You Can't Be Neutral on a Moving Train: A Personal History of Our Times
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Howard Zinn, author of A People's History of the United States, tells his personal stories about more than thirty years of fighting for social change, from teaching at Spelman College to recent protests against war.
A former bombardier in WWII, Zinn emerged in the civil rights movement as a powerful voice for justice. Although he's a fierce critic, he gives us reason to hope that by learning from history and engaging politically, we can make a difference in the world.
manager asked them to move; they showed the stubs of their tickets. He said the show would not go on unless they moved. They said they could wait. The other theatregoers were not making a fuss, they pointed out. Indeed, the whites occupying the seats near them had come to see a musical, not to fight the Civil War. The manager, much upset, went back to his office and phoned Mayor Hartsfield at home to tell him what was happening. Hartsfield thought a moment, then drawled, “The only suggestion I
Dragged off Federal Property as the FBI Looks On.” The Justice Department was not happy with my piece. The chief of its Civil Rights Division, Burke Marshall, wrote a long letter to the New Republic, saying that “litigation” was the proper remedy for what happened in Selma and that the Justice Department had two voting rights suits pending in Selma. He said there could be “no summary action.” (Marshall chose to ignore, as the FBI chief had done, the arrest powers of FBI agents, which could be
atrocity, with another kind of death march in Hiroshima, this time our atrocity, when dazed, burnt civilians, their flesh hanging, their eyeballs out of their sockets, their limbs torn from their bodies, walked in a stupor through the eerie remains of their flattened city under a drizzle of radioactive vapor. While I was a fellow at the Harvard Center for East Asian Studies in the fall of 1960 (on temporary leave from Spelman), I did some research on the dropping of the atomic bombs, and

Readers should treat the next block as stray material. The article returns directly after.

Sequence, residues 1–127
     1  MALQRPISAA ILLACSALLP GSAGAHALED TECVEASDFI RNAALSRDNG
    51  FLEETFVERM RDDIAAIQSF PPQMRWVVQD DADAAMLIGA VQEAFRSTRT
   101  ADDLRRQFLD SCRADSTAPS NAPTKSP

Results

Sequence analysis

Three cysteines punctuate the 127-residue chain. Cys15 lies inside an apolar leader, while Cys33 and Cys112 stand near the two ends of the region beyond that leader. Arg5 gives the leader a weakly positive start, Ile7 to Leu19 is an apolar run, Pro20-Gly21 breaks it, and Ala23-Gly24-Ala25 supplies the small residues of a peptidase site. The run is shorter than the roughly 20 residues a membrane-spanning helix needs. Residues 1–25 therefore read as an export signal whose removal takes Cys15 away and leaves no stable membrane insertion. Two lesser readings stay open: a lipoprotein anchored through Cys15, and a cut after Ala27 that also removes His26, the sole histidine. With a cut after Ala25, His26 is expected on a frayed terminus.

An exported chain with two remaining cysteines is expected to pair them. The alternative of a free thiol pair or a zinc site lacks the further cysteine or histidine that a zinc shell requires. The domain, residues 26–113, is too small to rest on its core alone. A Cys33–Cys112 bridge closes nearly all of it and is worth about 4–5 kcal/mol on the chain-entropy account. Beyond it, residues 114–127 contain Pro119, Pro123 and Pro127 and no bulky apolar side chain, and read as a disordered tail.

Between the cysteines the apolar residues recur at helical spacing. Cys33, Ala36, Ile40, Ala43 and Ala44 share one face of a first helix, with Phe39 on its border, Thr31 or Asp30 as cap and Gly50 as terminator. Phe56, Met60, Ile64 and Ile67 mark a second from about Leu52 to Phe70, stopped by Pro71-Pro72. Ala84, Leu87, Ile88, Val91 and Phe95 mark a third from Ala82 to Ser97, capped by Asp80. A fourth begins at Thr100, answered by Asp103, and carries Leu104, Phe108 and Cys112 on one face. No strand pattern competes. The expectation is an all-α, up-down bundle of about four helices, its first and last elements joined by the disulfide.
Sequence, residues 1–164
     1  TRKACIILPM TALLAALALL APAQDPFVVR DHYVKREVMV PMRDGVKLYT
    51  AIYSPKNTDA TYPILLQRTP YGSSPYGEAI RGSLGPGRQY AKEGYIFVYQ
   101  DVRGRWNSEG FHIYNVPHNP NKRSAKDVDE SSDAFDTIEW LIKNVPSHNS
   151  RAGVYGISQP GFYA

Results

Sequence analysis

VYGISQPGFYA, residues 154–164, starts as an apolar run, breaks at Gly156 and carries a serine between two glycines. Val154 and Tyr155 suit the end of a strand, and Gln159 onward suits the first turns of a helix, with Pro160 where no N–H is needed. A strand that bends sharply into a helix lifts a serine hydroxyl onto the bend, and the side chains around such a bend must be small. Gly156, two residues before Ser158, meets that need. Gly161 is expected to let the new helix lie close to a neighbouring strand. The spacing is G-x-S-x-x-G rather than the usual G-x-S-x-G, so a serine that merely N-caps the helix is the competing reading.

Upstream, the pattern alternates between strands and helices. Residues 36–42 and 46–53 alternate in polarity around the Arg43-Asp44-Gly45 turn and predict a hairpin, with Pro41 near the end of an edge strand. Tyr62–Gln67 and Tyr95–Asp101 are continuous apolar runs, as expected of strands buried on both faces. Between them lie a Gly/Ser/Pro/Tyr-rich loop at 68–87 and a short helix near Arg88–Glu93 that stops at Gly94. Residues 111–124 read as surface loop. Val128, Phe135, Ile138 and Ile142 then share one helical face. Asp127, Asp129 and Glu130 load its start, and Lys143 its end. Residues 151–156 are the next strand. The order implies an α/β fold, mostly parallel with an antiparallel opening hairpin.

muggers, but about high crime, about government officials and corporate executives whose victims were not individuals but the whole of society. It’s remarkable how much history there is in any small group. There was also at our table a young woman, a recent university graduate, who was entering nursing school so that she could be of use to villagers in Central America. I envied her. As one of the many who write, speak, teach, practice law, preach, whose contribution to society is so indirect, so
him. In the fall of 1967, Dan Berrigan’s brother, Phil Berrigan, once a soldier in World War II, now a priest, had staged a dramatic protest against the war. He and three other men had entered a draft office in Baltimore, removed draft records from the files, and poured blood over them to symbolize the destruction of life in Vietnam. They were arrested and sentenced to prison terms. But their action was to lead to others. Very soon after our return from Hanoi, Dan Berrigan was shaken by the